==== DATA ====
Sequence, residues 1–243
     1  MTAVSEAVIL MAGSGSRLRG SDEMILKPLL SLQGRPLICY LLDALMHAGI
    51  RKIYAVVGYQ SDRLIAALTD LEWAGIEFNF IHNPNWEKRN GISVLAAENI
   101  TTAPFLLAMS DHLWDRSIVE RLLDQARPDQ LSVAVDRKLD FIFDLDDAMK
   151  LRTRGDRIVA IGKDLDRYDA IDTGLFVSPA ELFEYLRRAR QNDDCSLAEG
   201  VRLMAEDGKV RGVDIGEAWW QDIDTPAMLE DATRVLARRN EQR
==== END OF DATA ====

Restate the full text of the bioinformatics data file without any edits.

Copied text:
Sequence, residues 1–243
     1  MTAVSEAVIL MAGSGSRLRG SDEMILKPLL SLQGRPLICY LLDALMHAGI
    51  RKIYAVVGYQ SDRLIAALTD LEWAGIEFNF IHNPNWEKRN GISVLAAENI
   101  TTAPFLLAMS DHLWDRSIVE RLLDQARPDQ LSVAVDRKLD FIFDLDDAMK
   151  LRTRGDRIVA IGKDLDRYDA IDTGLFVSPA ELFEYLRRAR QNDDCSLAEG
   201  VRLMAEDGKV RGVDIGEAWW QDIDTPAMLE DATRVLARRN EQR